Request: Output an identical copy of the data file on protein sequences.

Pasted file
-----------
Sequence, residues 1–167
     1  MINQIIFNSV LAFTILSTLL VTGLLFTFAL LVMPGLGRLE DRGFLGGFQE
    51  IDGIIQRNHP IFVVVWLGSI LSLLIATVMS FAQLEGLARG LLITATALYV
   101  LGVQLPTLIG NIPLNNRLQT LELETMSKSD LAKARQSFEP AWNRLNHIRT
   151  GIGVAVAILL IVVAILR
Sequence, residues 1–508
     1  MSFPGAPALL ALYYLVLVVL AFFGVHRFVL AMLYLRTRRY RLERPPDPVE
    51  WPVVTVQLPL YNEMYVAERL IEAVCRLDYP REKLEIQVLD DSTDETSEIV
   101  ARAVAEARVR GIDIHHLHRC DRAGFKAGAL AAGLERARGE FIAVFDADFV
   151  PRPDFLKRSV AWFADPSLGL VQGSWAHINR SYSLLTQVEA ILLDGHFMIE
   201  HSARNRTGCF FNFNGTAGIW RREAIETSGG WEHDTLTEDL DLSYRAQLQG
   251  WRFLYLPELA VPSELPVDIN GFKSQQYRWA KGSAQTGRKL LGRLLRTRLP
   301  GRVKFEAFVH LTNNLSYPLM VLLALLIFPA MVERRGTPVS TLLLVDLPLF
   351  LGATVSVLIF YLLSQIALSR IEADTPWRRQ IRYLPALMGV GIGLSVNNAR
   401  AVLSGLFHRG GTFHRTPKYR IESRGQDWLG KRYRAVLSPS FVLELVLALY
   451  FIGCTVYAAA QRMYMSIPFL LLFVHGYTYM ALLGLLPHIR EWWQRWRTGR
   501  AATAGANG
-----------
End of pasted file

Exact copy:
Sequence, residues 1–167
     1  MINQIIFNSV LAFTILSTLL VTGLLFTFAL LVMPGLGRLE DRGFLGGFQE
    51  IDGIIQRNHP IFVVVWLGSI LSLLIATVMS FAQLEGLARG LLITATALYV
   101  LGVQLPTLIG NIPLNNRLQT LELETMSKSD LAKARQSFEP AWNRLNHIRT
   151  GIGVAVAILL IVVAILR
Sequence, residues 1–508
     1  MSFPGAPALL ALYYLVLVVL AFFGVHRFVL AMLYLRTRRY RLERPPDPVE
    51  WPVVTVQLPL YNEMYVAERL IEAVCRLDYP REKLEIQVLD DSTDETSEIV
   101  ARAVAEARVR GIDIHHLHRC DRAGFKAGAL AAGLERARGE FIAVFDADFV
   151  PRPDFLKRSV AWFADPSLGL VQGSWAHINR SYSLLTQVEA ILLDGHFMIE
   201  HSARNRTGCF FNFNGTAGIW RREAIETSGG WEHDTLTEDL DLSYRAQLQG
   251  WRFLYLPELA VPSELPVDIN GFKSQQYRWA KGSAQTGRKL LGRLLRTRLP
   301  GRVKFEAFVH LTNNLSYPLM VLLALLIFPA MVERRGTPVS TLLLVDLPLF
   351  LGATVSVLIF YLLSQIALSR IEADTPWRRQ IRYLPALMGV GIGLSVNNAR
   401  AVLSGLFHRG GTFHRTPKYR IESRGQDWLG KRYRAVLSPS FVLELVLALY
   451  FIGCTVYAAA QRMYMSIPFL LLFVHGYTYM ALLGLLPHIR EWWQRWRTGR
   501  AATAGANG